BR: The banking business model must change, from being a transaction provider to being a trusted virtual advisor. Banks should help their customers to understand their financial affairs better so that those customers save money and make better decisions. So, in the case of mortgage provision, the bank would help its customer, analysing his or her unique circumstances, to buy the right-sized house in the right area, get the right mortgage product (even if not from the bank), get the right insurance, introduce them to a recommended lawyer with a preferential rate and so.

  • What impact do you expect on-going very low interest rates to have on the migration to fintech in European retail banking? Are you offering any services designed with ultra-low interest rates in mind? If so, where do you see most demand?Payments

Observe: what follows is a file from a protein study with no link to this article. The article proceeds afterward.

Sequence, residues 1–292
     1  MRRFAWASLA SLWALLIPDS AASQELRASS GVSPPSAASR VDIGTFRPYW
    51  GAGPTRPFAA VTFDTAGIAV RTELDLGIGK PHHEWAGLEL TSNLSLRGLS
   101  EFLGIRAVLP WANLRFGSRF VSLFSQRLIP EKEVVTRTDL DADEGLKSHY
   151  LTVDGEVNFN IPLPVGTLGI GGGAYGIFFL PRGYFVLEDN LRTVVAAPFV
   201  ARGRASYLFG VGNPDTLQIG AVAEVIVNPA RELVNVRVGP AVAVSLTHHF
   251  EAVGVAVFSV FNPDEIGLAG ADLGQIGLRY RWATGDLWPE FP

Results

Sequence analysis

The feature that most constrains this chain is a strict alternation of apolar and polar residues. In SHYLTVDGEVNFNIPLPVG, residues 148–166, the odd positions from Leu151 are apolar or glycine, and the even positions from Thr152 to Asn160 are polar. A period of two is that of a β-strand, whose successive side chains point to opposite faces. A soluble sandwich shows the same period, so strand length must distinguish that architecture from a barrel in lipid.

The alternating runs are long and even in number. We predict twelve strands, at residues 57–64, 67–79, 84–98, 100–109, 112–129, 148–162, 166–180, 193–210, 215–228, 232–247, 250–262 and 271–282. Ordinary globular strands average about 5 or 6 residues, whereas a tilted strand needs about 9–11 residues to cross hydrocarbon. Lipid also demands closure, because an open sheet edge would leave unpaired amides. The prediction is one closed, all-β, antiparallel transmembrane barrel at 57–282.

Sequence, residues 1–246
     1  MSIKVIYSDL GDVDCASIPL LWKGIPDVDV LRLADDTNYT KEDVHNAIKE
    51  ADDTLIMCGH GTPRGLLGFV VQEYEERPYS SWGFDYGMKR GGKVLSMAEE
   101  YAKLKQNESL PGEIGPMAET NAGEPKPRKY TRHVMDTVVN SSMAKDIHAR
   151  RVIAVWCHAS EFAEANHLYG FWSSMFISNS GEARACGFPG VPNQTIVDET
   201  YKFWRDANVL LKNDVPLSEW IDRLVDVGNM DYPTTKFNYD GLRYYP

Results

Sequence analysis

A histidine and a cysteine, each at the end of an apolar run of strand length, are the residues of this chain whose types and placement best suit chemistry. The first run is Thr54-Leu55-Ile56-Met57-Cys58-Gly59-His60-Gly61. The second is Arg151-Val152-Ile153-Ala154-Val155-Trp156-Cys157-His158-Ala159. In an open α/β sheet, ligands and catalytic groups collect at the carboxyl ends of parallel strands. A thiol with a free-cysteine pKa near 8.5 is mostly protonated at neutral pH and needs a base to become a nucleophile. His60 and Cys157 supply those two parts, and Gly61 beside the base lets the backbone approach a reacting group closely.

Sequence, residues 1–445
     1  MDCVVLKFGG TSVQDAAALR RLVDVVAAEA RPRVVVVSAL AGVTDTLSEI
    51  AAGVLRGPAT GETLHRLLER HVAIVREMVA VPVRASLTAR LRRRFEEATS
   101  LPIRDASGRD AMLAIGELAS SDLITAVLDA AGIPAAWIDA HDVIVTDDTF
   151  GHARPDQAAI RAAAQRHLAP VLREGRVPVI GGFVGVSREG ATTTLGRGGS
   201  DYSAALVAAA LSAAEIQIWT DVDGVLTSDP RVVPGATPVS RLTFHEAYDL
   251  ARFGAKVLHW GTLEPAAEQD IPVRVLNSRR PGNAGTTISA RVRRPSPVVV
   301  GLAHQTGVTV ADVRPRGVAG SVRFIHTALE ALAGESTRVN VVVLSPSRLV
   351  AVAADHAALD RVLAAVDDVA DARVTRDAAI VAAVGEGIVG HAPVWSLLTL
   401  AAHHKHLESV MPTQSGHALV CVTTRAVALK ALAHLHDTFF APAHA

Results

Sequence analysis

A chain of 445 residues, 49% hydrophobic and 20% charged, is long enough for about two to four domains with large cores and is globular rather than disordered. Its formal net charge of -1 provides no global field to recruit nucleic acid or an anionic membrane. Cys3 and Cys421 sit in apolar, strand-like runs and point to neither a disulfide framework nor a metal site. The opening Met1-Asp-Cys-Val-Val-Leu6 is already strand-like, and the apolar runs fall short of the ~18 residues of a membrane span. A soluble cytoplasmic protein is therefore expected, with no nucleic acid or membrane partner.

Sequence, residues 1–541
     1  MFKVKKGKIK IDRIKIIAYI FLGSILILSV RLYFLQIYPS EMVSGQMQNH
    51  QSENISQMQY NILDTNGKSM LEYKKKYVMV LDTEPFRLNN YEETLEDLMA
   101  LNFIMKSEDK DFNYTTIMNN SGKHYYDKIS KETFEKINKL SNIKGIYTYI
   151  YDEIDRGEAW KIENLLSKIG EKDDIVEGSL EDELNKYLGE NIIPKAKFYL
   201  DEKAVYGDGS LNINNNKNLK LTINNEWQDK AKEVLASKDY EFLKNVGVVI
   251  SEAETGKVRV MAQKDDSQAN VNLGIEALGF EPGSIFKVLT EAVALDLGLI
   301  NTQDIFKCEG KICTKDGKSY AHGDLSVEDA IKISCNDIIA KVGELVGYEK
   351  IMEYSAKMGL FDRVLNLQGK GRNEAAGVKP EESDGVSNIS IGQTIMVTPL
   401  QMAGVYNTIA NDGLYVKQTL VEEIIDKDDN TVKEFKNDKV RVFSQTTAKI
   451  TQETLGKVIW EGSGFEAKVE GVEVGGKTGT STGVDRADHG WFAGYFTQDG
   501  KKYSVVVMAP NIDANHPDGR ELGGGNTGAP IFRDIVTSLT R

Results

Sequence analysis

BR: everything else being equal, people are prepared to take more risk to get yield in a low interest rate environment. We may well find, when interest rates rise, that this has given a boost to several new types of products and services such as marketplace lending.

  • Banking regulation is complex and compliance is expensive. Do they represent a barrier to entry to fintechs and, if so, do you see any technological solutions that make regulation less burdensome? Can you give examples?

BR: I think regulation used to be a barrier to entry. Today, regulation in many cases such as PSD 2 is actually opening up the industry to new and more competition. In addition, many solutions are emerging which enable firms to comply with regulation more cheaply and also to obtain some advantage from compliance. As examples, I would cite MarketPlace providers such as Qumram, which records all client communications in line with MiFID II regulations but which then uses all of the data captured to drive sales and marketing insights, or Neuroprofiler which offers a risk profiling game to comply with MiFID II which in addition to establishing a customer’s risk profile gives the bank insights into that customer’s behaviour and cognitive biases which can be used to serve them better.